Environmental assessment under the EPBC Act
Department of the Environment and Heritage, December 2001
ISBN 0 642 54859 5
The fishery targets southern rock lobster (Jasus edwardsii), about 75% of which is marketed live. The species is also taken in New South Wales, South Australian, Victorian and Western Australian waters, and Kailoa et al indicate it may be the same population in Australia and New Zealand (Kailoa et al, 1993). The bulk of the catch is taken in South Australian, Tasmanian and Victorian waters. Approximately 1.75 million rock lobsters are harvested in the Tasmanian fishery annually, at a landed value of approximately A$50 million (Gardner et al, 2001). The gear used is a lobster pot placed on the seafloor and connected to a float on the sea surface.
Bycatch includes a variety of crabs including giant crab (subject of a commercial fishery), some finfish (some of which are commercial, eg morwong and wrasse), octopus and other molluscs, and some echinoderms. Entanglement may occur with seal and turtles.
The fishery is managed under an arrangement under the Offshore Constitutional Settlement that cedes management responsibility to the State to the outer edge of the Australian fishing zone. Although most catch is taken at depths 0-40m, some may be taken at depths up to 200m. The management plan consists of a policy document and the Fisheries (Rock Lobster and Giant Crab) Rules 2001, implementing licence limitation, a total allowable catch, minimum size limits, gear restrictions, closures, and a comprehensive monitoring regime.
The fishery is in stock rebuilding phase after peak catches in 1985 and effort increases up to 1992; management seeks to rebuild the biomass to 4,500t by 2010 (a 50% increase in the next 10 years, or approximately 15% of virgin legal size biomass). The fishery target is to rebuild stocks such that after 2010 the catch should be 30% of the legal-sized biomass.
The submission was received in April 2001 after a period of discussion between DPIWE and Department of the Environment and Heritage during which preliminary drafts were refined. The submission was released for a thirty-day public comment period that expired on 1 July 2001.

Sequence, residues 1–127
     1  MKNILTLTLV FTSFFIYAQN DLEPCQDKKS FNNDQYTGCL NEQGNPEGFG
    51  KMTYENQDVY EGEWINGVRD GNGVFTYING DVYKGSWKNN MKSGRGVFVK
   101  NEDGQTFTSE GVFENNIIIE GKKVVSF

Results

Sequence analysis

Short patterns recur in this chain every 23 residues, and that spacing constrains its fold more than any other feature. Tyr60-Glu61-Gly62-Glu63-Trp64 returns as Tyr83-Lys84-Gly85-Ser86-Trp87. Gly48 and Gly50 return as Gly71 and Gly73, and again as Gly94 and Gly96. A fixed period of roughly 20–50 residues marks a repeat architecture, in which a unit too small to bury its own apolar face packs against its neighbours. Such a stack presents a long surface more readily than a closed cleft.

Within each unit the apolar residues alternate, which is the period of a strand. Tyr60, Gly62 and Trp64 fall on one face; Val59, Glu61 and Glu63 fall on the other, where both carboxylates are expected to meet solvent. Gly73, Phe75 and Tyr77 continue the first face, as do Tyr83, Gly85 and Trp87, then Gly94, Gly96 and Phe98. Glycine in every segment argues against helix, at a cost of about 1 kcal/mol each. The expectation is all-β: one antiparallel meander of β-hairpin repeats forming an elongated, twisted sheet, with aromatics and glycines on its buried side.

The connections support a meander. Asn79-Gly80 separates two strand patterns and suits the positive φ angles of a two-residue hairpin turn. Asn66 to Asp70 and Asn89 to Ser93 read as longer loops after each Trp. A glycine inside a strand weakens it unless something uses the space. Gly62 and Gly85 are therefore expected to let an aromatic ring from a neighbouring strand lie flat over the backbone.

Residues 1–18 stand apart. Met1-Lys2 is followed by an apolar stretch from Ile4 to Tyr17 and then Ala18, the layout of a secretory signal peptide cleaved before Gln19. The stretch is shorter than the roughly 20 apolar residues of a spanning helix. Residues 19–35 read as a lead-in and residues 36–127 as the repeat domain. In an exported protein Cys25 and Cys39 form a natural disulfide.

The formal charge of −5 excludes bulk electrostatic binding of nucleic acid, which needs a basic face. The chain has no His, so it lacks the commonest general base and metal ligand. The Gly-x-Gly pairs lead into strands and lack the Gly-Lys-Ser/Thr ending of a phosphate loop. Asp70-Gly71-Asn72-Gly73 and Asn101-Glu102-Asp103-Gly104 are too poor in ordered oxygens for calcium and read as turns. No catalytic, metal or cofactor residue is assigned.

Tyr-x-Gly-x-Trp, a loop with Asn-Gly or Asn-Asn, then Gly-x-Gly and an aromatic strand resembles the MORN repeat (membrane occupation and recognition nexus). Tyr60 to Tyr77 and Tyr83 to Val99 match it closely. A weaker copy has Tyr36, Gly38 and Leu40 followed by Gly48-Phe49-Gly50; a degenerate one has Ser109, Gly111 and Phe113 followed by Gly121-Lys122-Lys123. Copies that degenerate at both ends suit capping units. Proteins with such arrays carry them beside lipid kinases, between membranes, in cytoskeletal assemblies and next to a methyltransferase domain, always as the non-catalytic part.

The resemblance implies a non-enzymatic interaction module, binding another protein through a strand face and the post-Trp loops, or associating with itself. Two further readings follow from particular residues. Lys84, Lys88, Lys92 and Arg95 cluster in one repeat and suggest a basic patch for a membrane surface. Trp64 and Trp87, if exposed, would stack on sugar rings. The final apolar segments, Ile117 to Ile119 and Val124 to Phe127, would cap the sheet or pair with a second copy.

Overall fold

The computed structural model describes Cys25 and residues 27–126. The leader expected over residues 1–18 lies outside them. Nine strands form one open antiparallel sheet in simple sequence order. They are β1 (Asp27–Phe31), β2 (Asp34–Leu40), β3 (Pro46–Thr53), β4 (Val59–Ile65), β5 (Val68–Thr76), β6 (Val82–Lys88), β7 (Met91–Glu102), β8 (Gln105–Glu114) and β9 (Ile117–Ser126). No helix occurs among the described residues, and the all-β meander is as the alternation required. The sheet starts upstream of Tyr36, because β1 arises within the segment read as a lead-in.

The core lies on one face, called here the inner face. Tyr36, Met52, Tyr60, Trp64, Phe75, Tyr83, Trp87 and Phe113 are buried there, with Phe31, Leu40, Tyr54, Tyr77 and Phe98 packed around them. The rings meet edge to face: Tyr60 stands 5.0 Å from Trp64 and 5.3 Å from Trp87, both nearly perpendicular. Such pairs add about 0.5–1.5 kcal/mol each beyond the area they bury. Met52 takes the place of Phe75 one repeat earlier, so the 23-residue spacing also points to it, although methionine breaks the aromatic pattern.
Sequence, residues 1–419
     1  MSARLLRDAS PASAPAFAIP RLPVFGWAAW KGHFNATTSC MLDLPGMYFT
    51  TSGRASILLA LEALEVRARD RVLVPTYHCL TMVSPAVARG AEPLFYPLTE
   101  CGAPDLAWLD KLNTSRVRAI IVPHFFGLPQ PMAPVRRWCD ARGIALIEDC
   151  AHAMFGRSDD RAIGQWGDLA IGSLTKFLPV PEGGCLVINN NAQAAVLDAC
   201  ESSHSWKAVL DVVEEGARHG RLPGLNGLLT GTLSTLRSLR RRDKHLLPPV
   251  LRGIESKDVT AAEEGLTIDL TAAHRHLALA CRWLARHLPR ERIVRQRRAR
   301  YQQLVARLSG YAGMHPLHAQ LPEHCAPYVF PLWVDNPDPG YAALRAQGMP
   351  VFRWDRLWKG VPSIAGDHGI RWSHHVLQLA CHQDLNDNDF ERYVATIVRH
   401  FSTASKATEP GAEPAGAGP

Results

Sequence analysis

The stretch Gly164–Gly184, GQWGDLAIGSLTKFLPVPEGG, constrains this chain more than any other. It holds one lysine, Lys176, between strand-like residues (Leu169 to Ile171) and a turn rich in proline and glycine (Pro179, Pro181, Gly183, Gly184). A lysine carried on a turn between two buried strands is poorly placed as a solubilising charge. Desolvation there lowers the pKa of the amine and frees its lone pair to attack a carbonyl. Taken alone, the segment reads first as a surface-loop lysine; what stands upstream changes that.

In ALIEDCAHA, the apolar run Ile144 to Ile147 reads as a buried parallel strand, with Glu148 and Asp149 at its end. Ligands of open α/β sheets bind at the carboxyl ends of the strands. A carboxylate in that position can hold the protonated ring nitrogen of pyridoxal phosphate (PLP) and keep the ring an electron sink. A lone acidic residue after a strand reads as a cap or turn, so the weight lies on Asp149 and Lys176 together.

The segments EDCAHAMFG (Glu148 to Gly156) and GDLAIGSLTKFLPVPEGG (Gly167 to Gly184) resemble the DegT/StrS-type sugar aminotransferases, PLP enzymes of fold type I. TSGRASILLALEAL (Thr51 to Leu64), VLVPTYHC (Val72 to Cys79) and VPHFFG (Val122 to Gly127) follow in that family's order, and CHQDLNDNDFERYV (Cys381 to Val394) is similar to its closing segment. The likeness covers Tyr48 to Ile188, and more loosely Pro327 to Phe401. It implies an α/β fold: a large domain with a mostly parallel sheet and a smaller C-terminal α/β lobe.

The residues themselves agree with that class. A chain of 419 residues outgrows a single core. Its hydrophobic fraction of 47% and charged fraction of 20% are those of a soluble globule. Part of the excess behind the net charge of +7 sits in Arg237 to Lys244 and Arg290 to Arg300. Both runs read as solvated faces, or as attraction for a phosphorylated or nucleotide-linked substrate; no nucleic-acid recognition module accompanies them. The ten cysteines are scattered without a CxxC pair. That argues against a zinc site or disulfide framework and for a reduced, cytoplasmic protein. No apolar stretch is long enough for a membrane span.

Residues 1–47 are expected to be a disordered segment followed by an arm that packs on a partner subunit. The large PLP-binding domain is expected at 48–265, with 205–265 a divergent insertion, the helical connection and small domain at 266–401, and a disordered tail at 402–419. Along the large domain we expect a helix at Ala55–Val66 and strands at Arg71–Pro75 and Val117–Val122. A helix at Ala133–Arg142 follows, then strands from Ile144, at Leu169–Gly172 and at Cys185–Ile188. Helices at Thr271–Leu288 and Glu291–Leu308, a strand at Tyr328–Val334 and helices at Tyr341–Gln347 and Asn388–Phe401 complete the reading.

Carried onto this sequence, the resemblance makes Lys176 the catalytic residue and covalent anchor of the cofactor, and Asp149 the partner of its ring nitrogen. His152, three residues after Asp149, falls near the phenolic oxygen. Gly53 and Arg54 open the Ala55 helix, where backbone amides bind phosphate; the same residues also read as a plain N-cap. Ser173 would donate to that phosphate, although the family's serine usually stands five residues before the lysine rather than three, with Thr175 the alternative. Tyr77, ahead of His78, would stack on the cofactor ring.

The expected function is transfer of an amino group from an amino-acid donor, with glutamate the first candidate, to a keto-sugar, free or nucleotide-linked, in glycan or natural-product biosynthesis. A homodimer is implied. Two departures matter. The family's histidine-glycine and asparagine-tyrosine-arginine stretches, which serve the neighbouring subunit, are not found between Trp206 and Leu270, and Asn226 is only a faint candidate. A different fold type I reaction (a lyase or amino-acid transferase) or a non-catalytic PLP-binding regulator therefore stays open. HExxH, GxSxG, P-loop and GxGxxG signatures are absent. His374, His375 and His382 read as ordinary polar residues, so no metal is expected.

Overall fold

Notification that the submission was available on the Internet were sent to all persons on the Fisheries Public Comment Register, a register of interested persons maintained by Department of the Environment and Heritage. Notification that the submission was available on the Internet also was published in The Australian and Tasmanian newspapers. A total of four public comments were received and DPIWE provided a response on the issues raised in them. Comments also were sought from the Scientific Committee on Wildlife Use (SCWU), a body of scientists established by the Minister to provide him with independent advice.
Following the public comment period the assessment report was drafted. In addition to the submission and associated documents, public comments and DPIWE's response informed the assessment.
A draft of the assessment report recommendations was provided to DPIWE for consideration in December 2001, and the assessment finalised when their views had been received.
The Tasmanian Rock Lobster Fishery is assessed as being a relatively well managed fishery and having a low risk of being ecologically unsustainable in the short to mid term. The fishery has mechanisms in place which should control the ecological impact of the fishery. As a consequence it is recommended that the export of Jasus edwardsii taken in the fishery should be exempt from the export controls of Part 13A of the Environment Protection and Biodiversity Conservation Act 1999 (EPBC Act), with that exemption reviewed in five years. A number of issues have been identified which would be need to be addressed prior to the next review to ensure ecological risks are contained in the mid to long term.